While attending the Intel Developer Forum at Moscone West at the beginning of the month, I spent some time looking at the Windows Media Center Edition 2005 demonstration, and talking to the Microsoft representative manning the demonstration.
I asked him if it was worth upgrading my HP pavillion with Media Center Edition 2004, or possible, and he responded enthusiastically on both counts. Not only was it possible, but that there was a huge improvement in picture quality, both of live TV and recorded programs. And of course, upgrading would let me use the Media Center Extender to hook up a remote TV.
But calling Hewlett-Packard last week, my dreams were dashed. Their upgrade program had been discontinued on February 28th, and there was virtually no chance of me being able to upgrade to the 2005 version. The best the service rep on the special upgrade line could do was refer me to HP’s tech support line. HP’s tech support representative referred me to the nearest HP authorized service center and Microsoft’s tech support line. The tech at the service center is still out of the office, and Microsoft told me that I would never, ever, ever, be able to buy the upgrade from them, and that I should call HP.
Never before in the history of Microsoft operating systems have you been unable to upgrade from the previous version to the next version. And the curt way in which I was treated and made to feel like a simpleton has potentially lost HP a long-standing customer over this silly upgrade now or forever suffer crappy pictures policy.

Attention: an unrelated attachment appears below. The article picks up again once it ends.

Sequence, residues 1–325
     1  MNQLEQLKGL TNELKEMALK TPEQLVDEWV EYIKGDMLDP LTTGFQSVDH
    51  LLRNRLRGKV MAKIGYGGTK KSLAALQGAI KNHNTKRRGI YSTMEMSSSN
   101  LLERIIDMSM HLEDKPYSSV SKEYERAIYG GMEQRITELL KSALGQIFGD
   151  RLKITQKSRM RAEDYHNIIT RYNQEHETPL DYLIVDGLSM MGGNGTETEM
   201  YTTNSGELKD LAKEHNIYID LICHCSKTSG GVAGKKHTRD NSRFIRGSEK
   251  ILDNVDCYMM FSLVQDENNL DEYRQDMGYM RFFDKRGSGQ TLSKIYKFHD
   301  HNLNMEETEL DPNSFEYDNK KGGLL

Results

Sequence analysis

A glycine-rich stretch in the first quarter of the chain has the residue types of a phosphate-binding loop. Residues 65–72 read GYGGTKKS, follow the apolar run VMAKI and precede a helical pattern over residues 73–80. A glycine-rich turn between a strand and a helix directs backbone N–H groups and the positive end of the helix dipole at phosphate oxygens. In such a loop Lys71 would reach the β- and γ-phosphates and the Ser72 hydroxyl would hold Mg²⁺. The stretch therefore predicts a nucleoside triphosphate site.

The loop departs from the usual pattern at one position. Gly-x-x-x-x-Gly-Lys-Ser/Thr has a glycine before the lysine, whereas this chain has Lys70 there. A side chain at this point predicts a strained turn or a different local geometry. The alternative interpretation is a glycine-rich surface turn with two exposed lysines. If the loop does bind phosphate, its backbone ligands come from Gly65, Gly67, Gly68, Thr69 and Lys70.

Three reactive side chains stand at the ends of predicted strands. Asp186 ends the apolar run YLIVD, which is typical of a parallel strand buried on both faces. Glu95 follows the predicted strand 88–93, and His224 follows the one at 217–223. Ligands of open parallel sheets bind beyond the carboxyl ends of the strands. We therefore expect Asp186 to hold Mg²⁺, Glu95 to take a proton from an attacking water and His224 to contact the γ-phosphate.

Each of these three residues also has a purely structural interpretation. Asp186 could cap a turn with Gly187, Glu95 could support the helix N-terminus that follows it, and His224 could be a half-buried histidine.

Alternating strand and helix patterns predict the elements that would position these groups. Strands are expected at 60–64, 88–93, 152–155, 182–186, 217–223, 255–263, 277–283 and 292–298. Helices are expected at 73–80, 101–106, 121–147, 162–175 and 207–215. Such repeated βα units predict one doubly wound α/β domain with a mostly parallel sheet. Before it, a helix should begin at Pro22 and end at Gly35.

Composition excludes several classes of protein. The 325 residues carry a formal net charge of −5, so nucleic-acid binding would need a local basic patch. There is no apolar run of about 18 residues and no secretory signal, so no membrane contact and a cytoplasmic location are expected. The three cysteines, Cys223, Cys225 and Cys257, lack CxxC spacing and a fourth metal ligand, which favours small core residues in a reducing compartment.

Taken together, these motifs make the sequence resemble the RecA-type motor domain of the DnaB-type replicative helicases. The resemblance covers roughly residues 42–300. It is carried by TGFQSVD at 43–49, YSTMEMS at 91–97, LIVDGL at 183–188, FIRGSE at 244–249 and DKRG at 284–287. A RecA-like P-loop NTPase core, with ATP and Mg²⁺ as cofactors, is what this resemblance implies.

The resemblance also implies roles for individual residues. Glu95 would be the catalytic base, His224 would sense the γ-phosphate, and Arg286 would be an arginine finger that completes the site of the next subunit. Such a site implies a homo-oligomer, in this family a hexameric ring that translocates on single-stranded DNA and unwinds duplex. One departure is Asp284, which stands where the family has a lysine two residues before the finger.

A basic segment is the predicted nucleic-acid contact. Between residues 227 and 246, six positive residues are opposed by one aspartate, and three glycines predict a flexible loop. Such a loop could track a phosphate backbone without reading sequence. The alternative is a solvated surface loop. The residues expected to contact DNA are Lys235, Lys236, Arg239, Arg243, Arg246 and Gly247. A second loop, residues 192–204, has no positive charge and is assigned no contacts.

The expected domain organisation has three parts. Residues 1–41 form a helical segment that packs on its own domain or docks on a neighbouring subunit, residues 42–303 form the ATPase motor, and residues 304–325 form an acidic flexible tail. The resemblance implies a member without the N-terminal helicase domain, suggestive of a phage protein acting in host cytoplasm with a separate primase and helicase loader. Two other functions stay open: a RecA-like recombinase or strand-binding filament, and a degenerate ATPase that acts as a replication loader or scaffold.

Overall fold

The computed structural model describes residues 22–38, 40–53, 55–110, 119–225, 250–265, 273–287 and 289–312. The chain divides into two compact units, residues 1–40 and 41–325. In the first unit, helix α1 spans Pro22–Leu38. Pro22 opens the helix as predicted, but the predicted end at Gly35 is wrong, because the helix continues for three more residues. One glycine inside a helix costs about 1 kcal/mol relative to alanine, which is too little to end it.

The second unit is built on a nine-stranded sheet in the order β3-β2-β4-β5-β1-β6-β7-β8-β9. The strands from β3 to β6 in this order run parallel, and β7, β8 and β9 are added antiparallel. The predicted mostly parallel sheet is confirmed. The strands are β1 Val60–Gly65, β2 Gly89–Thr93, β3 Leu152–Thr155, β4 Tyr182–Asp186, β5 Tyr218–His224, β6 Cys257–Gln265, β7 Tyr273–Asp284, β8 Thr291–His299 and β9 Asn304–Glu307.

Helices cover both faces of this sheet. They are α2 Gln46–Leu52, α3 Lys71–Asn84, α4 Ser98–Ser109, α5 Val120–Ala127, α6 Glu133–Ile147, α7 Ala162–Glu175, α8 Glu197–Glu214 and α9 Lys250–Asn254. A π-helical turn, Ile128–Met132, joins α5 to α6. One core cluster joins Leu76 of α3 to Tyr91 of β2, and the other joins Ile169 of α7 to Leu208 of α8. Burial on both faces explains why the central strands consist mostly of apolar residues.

Ever since getting tired of building my own hardware when I moved from a 486 to a Pentium II, both of my computers have been HPs, and I’ve also purchased two iPAQs, at least one HP calculator, and probably another peripheral or two I have forgotten about.
I was about to buy my sister a new HP Pavillion with Media Center, and perhaps an HP Media Center Extender, but I think I’ll wait and see if the company is willing to make me happy enough about my existing Pavillion’s OS before spending any more money with them. And the fact that you can no longer customize the configuration of the HP Media Center PCs doesn’t help either.
So instead of spending over a grand with HP this week, I’m going to order a Mac Mini, from a company I know will provide me with good service, a quality product, the ability to customize the computer I buy, and a long history of letting me upgrade to the next version of the OS.